Cummins has laid out its path forward into the hydrogen economy with plans to decarbonize transportation and other industrial sectors it serves while enabling growth of renewable energy. The ambitions agenda that will see Cummins achieve carbon neutrality by 2050 was shared by members of Cummins' leadership team during an online conference for the investment community held on Monday — Cummins Hydrogen Day.
"As the world transitions to a low carbon future, Cummins has the financial strength to invest in hydrogen and battery technologies as well as advanced diesel and natural gas powertrains," said Cummins' Chairman and CEO Tom Linebarger.
Linebarger emphasized Cummins' long history of achievement with its diesel and natural gas engine technologies, and components, then added, "Over the past five years, the company has developed and acquired significant capabilities in electrified powertrains, battery design and assembly, battery management, fuel cells, and hydrogen generation."
The key to Cummins' goals will be the transition from so-called gray hydrogen to green hydrogen. Almost all of the approximately 70 million tonnes of hydrogen produced today is gray hydrogen, which is generally produced by steam methane reforming, utilizing significant amounts of power through the use of natural gas. "This produces over 830 million tons of CO2 a year, which equates to more emissions than all of Germany," Linebarger pointed out.
Green hydrogen, on the other hand, uses electrolysis to turn hydro-electric, wind, or solar power into hydrogen with zero CO2 emissions. While only 1% of hydrogen produced today is green, Linebarger said the future lies with hydrogen produced by electrolyzers powered by renewable sources. Cummins already produces electrolyzers, and forecasts revenue from their production to be at least $400 million in 2025.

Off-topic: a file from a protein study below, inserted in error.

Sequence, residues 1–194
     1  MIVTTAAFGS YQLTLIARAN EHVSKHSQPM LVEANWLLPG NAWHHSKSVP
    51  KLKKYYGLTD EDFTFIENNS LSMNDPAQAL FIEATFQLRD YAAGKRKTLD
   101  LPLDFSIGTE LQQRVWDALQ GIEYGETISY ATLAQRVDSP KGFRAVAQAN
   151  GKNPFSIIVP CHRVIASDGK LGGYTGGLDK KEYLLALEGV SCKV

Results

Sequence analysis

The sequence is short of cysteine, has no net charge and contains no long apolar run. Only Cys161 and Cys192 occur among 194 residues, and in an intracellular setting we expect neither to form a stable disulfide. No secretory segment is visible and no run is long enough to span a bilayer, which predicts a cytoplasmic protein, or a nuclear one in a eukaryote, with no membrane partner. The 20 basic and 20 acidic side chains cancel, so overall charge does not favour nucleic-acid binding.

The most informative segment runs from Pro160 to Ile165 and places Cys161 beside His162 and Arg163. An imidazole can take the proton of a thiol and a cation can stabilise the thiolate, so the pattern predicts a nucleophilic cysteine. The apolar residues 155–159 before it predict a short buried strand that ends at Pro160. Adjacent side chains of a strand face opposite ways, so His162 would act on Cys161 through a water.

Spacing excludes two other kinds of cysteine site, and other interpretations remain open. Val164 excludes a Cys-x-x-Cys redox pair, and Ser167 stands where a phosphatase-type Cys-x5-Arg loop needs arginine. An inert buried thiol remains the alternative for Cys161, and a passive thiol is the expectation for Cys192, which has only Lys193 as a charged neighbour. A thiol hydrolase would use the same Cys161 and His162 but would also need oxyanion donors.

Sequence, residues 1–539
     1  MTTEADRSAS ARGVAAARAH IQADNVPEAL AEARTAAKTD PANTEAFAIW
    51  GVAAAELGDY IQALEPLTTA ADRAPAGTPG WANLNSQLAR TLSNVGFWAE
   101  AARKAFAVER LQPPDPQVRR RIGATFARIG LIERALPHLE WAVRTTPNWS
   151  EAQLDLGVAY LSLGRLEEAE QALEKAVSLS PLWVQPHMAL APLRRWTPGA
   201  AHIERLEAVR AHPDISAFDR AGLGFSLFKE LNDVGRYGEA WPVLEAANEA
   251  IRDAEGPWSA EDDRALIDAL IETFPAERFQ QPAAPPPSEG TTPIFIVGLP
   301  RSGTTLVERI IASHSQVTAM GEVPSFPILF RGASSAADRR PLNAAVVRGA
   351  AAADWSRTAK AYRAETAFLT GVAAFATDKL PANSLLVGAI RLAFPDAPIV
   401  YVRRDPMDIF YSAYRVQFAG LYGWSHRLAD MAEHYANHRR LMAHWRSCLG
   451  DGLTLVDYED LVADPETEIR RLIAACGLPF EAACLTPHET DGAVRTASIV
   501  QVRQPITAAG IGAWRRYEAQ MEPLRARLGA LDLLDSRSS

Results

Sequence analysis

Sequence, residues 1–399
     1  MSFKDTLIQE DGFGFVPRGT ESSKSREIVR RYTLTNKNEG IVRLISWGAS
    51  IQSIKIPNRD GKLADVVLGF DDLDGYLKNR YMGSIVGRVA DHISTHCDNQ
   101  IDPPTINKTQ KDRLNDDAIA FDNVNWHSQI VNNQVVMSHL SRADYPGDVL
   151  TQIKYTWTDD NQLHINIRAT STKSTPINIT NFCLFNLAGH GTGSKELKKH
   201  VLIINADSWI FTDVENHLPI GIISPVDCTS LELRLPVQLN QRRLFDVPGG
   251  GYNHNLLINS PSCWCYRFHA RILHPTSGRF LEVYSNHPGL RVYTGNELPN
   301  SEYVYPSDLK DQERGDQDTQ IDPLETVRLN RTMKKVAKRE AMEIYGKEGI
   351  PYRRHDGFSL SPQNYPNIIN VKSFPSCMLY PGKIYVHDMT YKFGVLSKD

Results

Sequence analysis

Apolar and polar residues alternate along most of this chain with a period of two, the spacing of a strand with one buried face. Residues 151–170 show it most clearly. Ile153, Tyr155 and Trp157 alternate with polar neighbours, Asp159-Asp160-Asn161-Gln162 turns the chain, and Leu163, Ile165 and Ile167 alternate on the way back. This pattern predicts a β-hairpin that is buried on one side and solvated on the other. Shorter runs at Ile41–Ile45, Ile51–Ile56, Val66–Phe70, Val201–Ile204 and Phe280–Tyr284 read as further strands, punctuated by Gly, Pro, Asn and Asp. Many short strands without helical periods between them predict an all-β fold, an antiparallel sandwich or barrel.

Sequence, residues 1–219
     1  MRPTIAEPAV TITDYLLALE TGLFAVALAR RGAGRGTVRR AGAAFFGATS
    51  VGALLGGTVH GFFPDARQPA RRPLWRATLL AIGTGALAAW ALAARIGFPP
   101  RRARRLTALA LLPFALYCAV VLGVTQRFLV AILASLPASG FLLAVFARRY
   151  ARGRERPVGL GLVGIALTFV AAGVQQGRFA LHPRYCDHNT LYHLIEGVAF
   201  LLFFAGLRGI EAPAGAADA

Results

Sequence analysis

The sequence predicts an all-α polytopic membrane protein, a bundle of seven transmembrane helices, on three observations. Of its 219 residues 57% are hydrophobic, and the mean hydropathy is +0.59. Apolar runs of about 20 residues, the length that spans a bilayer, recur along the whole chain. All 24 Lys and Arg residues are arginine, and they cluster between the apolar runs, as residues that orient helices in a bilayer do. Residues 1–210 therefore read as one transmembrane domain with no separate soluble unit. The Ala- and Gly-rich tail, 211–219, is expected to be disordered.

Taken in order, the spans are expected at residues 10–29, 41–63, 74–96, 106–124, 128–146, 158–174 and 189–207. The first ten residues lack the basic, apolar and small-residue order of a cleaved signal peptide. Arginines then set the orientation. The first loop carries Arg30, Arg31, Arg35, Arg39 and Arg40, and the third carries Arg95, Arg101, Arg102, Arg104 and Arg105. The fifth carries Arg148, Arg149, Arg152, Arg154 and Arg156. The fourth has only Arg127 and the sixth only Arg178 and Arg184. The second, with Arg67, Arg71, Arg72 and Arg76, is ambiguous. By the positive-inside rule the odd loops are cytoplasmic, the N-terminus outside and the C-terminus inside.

"The production of green hydrogen and the adoption of fuel cell technologies in markets that are served by fossil fuels today will be critical to lowering greenhouse gas emissions globally and also will enable Cummins to achieve carbon neutrality by 2050," said Linebarger. "We will continue to bring hydrogen fuel cell products to market and we have many products already in the field, including in on-highway trucks, rail, marine and other applications, as well as hundreds of electrolyzers."
Fuel Comes First
There is still work to be done before economical sources of hydrogen can be deployed to supply heavy trucks and passenger cars. Cummins sees the transition from gray to green hydrogen as the way to cost-effectively build out the infrastructure to supply non-industrial demand for hydrogen, including transportation.
To replace the gray hydrogen used today with green hydrogen, the world would need roughly 3.2 terawatt hours of renewable power, resulting in over 350,000 megawatts of electrolyzer build out. With demand like that, power generation companies will be able to fully utilize renewable electricity during peak production. The electrolyzer technology provides a means to address one of the largest dilemmas in the renewable energy industry, which is how to store the energy when it’s not in demand.
Cummins is currently building a 5-megawatt PEM electrolyzer to manufacture commercial hydrogen using electrolysis to harvest hydrogen from water from the Wells Dam on the Columbia River in Douglas County, Washington. The electrolyzer is powered by clean hydroelectricity, so the production of hydrogen does not generate any carbon emissions. It's expected to be operational in 2021.